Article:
by Lauren Cave
The start of each New Year brings feelings of motivation and anxiety, as many of us are simply trying to better ourselves. It is very common to hear of resolutions that have to do with changing our everyday habits, like eating healthier. It is easy to say we are going to change the way we eat, but in reality it can be inconvenient to alter the way we live our lives. Many people think that changing their eating habits means having to completely restock their pantry with all new earthy food that does not taste good. This can be the case if you are an extremist, but in most cases this is not what we actually want. We want food that tastes good because we are human, and that desire is instinctual. Here are ten tips to begin taking baby steps towards a more substantial and healthy diet:
1. Don’t completely cut out your favorite foods! Sure, if your favorite food is French fries then maybe don’t eat those everyday. But if you are craving them, go for it. Depriving yourself of what you love is only going to make you want that food more. Moderation really might be the key to happiness.
2. Eat a balance of each food group. The five main food groups are fruit, vegetables, protein, grains, and milk. Each of these food groups contain so many different yet vital nutrients that our bodies need, which is why it is so important to maintain a well-balanced diet.
3. Drink more water! Staying hydrated is so important for our overall health. One of the first signs of dehydration is being tired. When you wake up in the morning try to drink a glass of water since we lose body water in our sleep. Also random side note —it is really weird how drinking more water actually helps get rid of excess water weight. So if you feel bloated, try drinking water first!
4. Try cooking at home more. This is one that we always hear, but cooking at home is very different from eating take out food. If you are busy then keep your recipes simple and it will not be as time-consuming. Your body will thank you later in life for not eating all those added ingredients found in commercial foods, and if you are on a budget this is the way to go (most of the time).
5. Use naturals flavors from herbs like rosemary, thyme, or dill. If cooking is your thing, try to stay away from sodium-packed seasonings like flavored salts. Fresh herbs, garlic and onions all make for tasty flavors, and they can even add nutritive value to your meal as well!
6. Include a variety of colors in your diet (not food colorings). Bump up on the colorful foods by increasing your fruit and vegetable intake. Naturally-colored foods are high in nutrients like antioxidants, which are great for your body in so many ways, including helping fight off cancer-causing free radicals. (Don’t forget that white is a color too! Cauliflower does have a lot of nutritional benefits!) Fun fact: each natural color of food contains different antioxidants, and eating them together allows for a stronger effect.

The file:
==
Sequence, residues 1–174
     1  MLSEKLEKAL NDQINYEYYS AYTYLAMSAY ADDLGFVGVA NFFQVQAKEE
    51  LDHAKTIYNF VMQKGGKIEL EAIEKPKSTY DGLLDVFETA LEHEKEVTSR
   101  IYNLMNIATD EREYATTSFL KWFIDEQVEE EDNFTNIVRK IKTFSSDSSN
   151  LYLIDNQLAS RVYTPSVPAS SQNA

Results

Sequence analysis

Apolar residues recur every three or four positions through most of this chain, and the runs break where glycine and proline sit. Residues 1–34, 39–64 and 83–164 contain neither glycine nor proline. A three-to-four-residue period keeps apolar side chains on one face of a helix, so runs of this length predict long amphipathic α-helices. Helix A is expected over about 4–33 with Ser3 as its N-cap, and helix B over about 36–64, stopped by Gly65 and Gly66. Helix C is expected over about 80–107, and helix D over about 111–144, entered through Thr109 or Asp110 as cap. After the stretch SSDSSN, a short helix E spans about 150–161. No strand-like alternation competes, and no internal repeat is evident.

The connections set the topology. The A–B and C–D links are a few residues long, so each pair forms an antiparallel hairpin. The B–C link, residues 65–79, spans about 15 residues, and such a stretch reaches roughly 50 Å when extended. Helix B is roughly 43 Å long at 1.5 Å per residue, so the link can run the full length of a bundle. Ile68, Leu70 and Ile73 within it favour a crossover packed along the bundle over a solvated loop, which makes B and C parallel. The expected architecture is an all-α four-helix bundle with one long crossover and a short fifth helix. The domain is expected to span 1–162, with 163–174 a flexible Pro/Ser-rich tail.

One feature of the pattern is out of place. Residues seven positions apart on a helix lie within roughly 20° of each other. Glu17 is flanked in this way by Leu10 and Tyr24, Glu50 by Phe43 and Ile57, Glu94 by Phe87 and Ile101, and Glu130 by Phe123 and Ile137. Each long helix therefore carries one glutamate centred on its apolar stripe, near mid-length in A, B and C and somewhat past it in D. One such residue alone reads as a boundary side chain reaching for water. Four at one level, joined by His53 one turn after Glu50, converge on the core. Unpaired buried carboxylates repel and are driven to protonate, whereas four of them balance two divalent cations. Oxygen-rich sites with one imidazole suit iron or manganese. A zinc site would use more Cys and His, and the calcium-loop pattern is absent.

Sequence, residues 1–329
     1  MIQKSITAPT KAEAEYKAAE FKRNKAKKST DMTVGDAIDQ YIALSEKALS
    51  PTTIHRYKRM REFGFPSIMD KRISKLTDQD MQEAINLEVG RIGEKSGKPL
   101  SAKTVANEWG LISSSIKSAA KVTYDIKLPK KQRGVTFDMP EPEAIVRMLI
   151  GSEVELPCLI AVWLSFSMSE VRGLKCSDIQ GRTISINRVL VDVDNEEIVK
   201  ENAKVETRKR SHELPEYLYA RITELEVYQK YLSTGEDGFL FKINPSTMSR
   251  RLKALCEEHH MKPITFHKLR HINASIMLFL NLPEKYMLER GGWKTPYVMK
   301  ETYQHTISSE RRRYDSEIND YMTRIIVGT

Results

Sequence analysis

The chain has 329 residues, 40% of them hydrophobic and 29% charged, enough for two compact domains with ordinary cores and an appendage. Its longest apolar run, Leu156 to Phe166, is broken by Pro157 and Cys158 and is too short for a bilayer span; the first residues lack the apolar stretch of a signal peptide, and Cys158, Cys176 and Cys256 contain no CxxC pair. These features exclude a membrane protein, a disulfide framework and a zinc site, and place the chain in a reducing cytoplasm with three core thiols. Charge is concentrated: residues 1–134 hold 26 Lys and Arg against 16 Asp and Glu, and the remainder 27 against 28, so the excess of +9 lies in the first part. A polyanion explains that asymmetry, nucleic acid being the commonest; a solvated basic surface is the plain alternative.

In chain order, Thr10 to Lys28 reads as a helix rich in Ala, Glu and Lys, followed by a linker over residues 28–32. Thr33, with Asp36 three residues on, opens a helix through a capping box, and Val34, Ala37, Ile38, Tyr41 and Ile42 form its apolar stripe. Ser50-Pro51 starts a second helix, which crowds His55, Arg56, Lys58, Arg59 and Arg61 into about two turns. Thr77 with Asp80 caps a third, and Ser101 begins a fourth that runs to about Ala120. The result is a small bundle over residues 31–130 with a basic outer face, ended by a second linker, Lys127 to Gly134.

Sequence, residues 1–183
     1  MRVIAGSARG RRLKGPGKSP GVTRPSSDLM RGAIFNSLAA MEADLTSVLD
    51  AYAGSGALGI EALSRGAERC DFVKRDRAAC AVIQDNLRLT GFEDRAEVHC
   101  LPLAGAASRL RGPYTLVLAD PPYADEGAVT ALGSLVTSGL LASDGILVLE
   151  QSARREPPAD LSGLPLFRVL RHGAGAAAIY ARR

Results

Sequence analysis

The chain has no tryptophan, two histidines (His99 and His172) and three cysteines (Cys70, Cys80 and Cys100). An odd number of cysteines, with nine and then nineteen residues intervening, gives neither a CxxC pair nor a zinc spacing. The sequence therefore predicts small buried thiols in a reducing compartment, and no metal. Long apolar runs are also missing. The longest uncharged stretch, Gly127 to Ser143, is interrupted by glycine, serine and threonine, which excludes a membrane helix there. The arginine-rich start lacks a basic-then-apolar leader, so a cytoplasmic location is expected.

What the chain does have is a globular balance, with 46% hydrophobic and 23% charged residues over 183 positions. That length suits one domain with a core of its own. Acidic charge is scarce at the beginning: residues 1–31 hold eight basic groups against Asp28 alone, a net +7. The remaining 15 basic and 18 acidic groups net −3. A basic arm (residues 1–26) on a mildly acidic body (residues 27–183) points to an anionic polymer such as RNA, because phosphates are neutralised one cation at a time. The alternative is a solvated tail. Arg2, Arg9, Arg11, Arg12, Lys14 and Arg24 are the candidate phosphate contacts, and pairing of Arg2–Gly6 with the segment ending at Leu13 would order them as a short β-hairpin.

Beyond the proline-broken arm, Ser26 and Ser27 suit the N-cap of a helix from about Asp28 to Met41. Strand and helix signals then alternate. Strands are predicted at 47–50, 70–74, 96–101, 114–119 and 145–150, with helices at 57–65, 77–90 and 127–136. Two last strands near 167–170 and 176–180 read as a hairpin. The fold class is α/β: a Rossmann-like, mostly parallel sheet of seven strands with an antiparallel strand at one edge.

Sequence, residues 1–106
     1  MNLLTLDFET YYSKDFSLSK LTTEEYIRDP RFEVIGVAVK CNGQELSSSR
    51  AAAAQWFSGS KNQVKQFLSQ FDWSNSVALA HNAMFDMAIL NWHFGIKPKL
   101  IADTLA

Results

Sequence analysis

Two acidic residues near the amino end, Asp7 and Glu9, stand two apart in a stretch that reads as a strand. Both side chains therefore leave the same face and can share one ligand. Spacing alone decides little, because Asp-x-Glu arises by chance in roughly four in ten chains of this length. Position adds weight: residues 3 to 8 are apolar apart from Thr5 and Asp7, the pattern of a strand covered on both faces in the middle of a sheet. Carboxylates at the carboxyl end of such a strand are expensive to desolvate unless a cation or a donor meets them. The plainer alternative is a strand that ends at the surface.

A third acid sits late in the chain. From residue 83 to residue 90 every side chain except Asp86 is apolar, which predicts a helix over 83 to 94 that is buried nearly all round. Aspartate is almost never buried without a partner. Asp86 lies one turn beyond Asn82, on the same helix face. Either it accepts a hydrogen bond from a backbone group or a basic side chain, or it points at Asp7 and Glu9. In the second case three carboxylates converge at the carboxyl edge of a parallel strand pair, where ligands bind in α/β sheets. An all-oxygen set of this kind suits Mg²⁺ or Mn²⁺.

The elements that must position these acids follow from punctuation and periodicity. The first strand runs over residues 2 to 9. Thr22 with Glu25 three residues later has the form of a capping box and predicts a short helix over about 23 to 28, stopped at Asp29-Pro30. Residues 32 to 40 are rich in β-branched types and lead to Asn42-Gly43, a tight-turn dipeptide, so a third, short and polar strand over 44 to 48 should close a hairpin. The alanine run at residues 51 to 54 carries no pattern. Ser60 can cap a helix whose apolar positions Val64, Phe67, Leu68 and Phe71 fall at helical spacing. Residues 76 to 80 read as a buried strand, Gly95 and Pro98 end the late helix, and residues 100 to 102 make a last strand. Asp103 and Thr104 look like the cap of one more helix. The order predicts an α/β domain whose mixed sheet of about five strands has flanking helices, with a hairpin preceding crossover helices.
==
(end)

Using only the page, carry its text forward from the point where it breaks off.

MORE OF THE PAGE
7. Shop mostly around the perimeter of the grocery store. Try to stay away from the inside isles since those are where the more processed foods are located. Stick to the outside isles where your essential foods are found and grocery shopping will become less of a burden, and you will probably be less tempted to buy those Twinkies.
8. Get away from fad diets. These are diets that we read about in the media that everyone and their mothers seem to be partaking in. I encourage you to stick to the basic guidelines of healthy eating and listen to your body. Everyone is different and our bodies need different things. Just because Suzy Q is on a gluten-free diet and it seems to be working for her does not necessarily mean that is what is going to work for you.
9. Ask yourself if you are eating out of boredom? If you do find yourself eating because you are bored (no shame, we all do it), try to remove yourself from the situation. I personally try to distract myself by doing something else or removing the food from the room I am in—unless it’s the kitchen, then just leave the kitchen.
10. Make sure you do your research. There are countless sources out there telling us what is good and what is bad for us to eat. My best advice is to do your own research on foods, and use credible sources. The best source to use is www.eatright.org, the official website of the Academy of Nutrition and Dietetics. (Also, make sure you are taking nutrition advice from a professional in the field, like a Registered Dietitian. It is easy for people to fool you who are not actually permitted to be giving out nutrition advice).
Lauren Cave is a senior at the University of Alabama from Mobile, AL. With a major in food and nutrition, Lauren has always been passionate about maintaining a healthy lifestyle through both diet and exercise. For even more tips, follow @delish.nutrish on Instagram for more ways to stay on top of your health game.